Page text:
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Rigshospitalet - a part of Copenhagen University Hospital
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Survival, discharge destination, and referral for rehabilitation after metastatic spinal cord compression surgery

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STUDY DESIGN: A retrospective review of medical records.

OBJECTIVE: The objective of this study was to examine probability of survival after 90- and 180-days after surgery, to document the rehabilitation needs, patients discharge destination, and whether discharge destination, re-admission, and probability of survival among patients with metastatic spinal cord compression (MSCC) were associated with potential risk factors.

SETTING: Copenhagen University Hospital, Rigshospitalet that serves a population of 2.8 million people from the Eastern part of Denmark, Faroe Islands, and Greenland.

METHODS: Adult (≥18 years) patients with MSCC undergoing surgery in 2017-2018 were included. Descriptive statistics were used to investigate the probability of survival after 90- and 180-days, rehabilitation needs documented in the patient's medical record, and discharge destination. Univariate logistic regression analyses were used to examine the associations between a priory defined potential risk factors for mortality and readmission.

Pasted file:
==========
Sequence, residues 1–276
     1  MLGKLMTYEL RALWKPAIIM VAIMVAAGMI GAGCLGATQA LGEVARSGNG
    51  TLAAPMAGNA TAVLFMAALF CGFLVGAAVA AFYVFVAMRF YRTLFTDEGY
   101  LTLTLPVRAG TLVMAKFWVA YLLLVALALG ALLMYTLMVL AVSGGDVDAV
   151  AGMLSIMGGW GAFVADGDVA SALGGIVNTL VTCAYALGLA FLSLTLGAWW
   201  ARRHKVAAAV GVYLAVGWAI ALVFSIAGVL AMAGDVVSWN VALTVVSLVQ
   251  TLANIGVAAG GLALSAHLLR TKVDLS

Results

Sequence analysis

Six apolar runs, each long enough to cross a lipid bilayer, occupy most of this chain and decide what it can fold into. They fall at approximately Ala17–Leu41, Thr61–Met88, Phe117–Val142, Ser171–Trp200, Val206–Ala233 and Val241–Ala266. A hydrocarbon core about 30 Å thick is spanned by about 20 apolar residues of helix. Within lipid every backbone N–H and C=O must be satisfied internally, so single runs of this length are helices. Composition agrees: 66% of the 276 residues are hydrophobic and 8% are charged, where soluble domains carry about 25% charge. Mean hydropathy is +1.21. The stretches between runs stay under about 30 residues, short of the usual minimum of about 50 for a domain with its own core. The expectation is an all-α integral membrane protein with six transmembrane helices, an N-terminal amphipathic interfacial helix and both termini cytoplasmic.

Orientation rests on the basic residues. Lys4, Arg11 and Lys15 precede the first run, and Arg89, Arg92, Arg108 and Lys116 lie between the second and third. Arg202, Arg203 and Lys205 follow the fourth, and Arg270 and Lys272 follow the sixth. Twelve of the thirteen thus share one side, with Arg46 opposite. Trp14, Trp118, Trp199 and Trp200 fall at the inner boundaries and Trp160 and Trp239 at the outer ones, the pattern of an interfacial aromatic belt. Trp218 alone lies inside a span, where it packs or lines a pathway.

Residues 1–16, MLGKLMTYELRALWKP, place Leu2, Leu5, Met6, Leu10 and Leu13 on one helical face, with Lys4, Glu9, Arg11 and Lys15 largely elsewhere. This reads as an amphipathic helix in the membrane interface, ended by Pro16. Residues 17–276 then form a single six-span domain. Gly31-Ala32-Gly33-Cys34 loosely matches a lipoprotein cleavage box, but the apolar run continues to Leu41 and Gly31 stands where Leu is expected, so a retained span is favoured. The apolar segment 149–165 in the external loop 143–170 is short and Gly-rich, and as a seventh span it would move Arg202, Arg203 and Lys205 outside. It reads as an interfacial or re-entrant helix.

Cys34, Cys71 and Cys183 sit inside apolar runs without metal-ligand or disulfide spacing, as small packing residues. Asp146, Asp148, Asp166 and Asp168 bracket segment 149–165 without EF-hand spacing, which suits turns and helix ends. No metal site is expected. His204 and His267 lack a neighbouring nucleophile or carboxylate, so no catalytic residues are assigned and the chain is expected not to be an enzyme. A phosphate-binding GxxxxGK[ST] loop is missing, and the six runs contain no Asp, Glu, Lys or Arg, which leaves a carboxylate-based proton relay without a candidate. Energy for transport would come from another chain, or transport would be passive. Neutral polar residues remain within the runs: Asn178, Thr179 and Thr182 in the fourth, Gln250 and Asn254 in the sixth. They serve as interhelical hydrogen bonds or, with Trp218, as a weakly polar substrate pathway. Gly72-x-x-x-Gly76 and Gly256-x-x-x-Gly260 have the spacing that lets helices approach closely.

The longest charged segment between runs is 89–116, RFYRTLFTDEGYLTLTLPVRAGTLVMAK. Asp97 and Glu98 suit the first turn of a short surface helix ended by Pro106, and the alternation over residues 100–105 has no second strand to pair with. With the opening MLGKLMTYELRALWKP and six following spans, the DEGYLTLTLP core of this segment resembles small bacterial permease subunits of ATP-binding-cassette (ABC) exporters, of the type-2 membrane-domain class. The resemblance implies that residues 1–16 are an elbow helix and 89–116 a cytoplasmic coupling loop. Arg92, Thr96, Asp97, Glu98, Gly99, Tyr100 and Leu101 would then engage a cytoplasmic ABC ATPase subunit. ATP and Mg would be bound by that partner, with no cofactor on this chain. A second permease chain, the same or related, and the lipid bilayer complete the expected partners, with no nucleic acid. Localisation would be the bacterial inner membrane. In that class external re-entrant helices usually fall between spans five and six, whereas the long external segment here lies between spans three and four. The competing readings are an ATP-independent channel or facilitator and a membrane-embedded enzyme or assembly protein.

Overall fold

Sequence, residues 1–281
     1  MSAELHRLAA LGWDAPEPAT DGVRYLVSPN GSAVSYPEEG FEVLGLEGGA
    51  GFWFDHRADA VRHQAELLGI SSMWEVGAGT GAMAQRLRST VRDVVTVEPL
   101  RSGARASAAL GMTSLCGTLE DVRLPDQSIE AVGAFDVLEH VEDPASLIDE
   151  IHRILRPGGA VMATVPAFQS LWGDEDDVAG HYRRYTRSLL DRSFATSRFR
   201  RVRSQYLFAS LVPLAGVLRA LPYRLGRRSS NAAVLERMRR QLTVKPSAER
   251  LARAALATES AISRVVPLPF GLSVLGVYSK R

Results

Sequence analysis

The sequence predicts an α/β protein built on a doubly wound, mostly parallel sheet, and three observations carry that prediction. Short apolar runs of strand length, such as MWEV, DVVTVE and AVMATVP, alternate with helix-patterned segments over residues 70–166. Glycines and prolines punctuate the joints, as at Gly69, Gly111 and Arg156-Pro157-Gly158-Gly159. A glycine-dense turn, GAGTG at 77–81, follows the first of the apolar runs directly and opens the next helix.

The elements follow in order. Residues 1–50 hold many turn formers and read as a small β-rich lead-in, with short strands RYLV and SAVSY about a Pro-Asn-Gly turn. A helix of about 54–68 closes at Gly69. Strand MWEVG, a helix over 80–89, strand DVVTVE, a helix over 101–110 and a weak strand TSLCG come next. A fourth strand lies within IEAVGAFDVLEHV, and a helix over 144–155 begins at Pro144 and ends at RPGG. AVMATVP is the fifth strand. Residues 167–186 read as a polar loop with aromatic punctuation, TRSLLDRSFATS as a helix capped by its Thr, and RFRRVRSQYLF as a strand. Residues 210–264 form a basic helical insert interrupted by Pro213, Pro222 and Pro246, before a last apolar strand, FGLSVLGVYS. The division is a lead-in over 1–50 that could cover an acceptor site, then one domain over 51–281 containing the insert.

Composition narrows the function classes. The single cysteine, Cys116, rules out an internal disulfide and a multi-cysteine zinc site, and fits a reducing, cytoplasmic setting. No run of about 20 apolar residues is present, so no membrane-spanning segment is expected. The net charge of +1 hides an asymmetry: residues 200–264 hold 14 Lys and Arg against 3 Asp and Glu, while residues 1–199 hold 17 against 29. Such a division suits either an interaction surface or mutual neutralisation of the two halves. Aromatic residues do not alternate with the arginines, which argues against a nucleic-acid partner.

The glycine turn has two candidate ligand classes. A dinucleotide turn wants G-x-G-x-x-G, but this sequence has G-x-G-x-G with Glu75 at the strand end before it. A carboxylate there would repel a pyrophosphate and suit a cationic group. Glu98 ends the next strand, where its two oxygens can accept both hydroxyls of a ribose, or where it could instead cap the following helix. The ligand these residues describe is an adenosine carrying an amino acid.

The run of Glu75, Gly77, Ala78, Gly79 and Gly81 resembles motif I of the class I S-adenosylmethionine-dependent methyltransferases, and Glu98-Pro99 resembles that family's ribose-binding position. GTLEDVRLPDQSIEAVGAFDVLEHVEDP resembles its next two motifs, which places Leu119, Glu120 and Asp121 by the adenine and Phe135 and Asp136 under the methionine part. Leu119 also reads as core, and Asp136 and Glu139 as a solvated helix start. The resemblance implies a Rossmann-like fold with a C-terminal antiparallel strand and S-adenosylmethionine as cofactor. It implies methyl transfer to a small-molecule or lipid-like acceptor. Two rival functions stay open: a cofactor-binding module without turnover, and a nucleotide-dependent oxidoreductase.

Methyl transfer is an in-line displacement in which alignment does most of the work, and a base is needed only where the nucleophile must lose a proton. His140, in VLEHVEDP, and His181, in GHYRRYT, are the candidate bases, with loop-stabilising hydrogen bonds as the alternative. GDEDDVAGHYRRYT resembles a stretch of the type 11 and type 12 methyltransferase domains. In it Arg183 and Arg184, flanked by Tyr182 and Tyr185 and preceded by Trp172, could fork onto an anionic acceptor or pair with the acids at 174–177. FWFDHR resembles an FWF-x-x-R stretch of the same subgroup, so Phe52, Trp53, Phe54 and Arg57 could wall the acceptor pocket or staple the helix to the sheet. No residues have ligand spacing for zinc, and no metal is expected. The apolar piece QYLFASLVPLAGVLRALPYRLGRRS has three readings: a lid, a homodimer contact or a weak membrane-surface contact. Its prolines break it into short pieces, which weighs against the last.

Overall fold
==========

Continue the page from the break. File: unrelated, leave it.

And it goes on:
RESULTS: Seventy-four medical records were included in final analysis. The probability of survival after 90- and 180-days post-surgery were 78% and 57%, respectively. Higher age was the only defined variable that was significantly associated with higher mortality. Ninety-three percent of the patient's medical records described rehabilitation potential, but only 44.6% of the patients were discharged with a rehabilitation plan. Seventy-three percent of the patients were discharged to their home. None had a specialized rehabilitation plan.

CONCLUSION: Almost all patients diagnosed with MSCC have a rehabilitation potential described in their medical records. However, only half of these patients are discharged with a rehabilitation plan indicating an unmet potential for rehabilitation.

Original languageEnglish
Article number63
JournalSpinal cord series and cases
Volume7
Issue number1
Pages (from-to)63
ISSN2058-6124
DOIs
Publication statusPublished - 26 Jul 2021

Bibliographical note

© 2021. The Author(s), under exclusive licence to International Spinal Cord Society.

    Research areas

  • Adult, Humans, Patient Discharge, Referral and Consultation, Retrospective Studies, Risk Factors, Spinal Cord Compression/surgery

ID: 69208066